Mood swings, fatigue, breast tenderness, bloating, and irritability are just some of the symptoms many women have to go through every. single. month.
Premenstrual syndrome (PMS) is estimated to affect three in four women in the days leading up to their period. Around 5 to 8 percent experience a particularly severe form of PMS called premenstrual dysphoric disorder (PMDD), which can interfere with their ability to go about their day-to-day life.
The good news is that there could be a scientifically backed way to reduce symptoms. It's just you're not going to like it.
A meta-analysis of 19 studies involving more than 47,000 people from eight different countries, published in the British Medical Journal Open, has linked alcohol intake to PMS. The researchers go so far as to suggest our alcohol habits may be to blame for the more than one in 10 of cases worldwide.
Moderate drinking was defined as one average-sized drink a day and heavy drinking was anything more than that. Apparently, consuming a moderate amount of alcohol can raise a woman's risk by 45 percent. Indulge in more than one glass per day and the researchers say you up your risk of PMS by 79 percent.
This means that in Europe, where 60 percent of women drink and 13 percent would be (by this study) defined as a heavy drinker, as many as 21 percent of PMS cases could be alcohol-related.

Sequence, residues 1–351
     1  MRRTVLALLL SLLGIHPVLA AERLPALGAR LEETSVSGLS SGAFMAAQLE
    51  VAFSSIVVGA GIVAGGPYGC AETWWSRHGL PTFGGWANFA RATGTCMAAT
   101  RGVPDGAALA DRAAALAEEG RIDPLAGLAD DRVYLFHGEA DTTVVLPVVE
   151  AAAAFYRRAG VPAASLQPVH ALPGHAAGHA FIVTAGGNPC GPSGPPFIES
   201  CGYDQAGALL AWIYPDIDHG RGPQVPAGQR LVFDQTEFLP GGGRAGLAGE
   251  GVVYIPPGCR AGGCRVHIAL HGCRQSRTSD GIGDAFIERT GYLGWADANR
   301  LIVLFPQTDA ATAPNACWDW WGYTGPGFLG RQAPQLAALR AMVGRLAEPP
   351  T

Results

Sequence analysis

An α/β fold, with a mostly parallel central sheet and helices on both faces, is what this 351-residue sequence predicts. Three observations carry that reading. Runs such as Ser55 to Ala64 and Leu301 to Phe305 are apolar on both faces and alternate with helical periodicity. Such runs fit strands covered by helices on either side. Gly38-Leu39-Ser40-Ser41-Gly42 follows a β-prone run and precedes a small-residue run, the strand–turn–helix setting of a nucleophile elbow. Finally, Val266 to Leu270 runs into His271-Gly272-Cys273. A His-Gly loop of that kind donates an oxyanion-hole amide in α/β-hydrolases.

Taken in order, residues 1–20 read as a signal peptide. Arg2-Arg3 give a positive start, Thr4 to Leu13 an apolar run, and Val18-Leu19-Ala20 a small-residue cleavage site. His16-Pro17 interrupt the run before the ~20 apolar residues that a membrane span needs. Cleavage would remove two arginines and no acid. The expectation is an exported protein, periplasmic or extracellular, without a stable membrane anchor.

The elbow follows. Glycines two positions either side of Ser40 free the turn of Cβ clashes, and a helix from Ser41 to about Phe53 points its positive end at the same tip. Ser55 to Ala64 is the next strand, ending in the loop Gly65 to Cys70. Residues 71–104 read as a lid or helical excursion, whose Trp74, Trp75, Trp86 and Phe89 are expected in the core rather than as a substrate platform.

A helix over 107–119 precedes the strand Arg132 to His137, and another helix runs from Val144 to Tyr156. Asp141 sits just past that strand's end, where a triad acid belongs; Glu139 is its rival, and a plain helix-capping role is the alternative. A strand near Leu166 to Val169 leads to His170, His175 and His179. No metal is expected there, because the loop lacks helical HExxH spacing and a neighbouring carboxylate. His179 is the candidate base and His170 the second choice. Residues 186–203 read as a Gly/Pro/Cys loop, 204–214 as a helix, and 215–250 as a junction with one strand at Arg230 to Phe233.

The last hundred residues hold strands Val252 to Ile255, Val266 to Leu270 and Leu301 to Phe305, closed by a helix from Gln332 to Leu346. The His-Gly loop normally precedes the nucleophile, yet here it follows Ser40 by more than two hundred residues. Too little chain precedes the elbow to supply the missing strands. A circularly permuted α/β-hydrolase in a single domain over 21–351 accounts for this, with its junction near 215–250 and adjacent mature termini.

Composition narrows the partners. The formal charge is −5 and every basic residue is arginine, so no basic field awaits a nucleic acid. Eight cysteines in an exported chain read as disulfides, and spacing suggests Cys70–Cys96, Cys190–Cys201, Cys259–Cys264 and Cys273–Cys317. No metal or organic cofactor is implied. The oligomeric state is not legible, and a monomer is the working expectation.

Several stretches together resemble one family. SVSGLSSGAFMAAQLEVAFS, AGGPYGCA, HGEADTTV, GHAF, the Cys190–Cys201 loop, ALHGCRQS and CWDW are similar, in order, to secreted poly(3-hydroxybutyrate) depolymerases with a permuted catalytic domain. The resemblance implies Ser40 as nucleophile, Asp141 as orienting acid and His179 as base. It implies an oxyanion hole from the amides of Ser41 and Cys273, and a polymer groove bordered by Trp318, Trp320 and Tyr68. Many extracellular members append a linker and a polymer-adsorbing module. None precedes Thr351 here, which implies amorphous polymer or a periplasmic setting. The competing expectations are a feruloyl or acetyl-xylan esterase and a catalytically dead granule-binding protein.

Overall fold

The authors of the analysis reason that alcohol may interfere with the levels of sex hormones and gonadotropin in the body during the menstrual cycle, all of which have been linked to PMS in the past. It could also be that alcohol disrupts gamma-aminobutyric acid (GABA) activity or messes with the body's mood-altering chemical serotonin.
However, there may be a much simpler explanation for this apparent link. Elizabeth Bertone-Johnson, a professor of epidemiology at the University of Massachusetts at Amherst, told Reuters Health she didn't believe this analysis proved there was a cause and effect association between alcohol consumption and mild to severe PMS.
Instead, as also mentioned by the authors, there could be a correlational relationship because women drink more to cope with the uncomfortable and often painful symptoms that come with PMS. Or it could be something else entirely.
Essentially, more research needs to be done to confirm or disprove this hypothesis. However, if you do suffer from moderate to severe PMS, curbing your alcohol intake and seeing how it affects your symptoms certainly cannot hurt.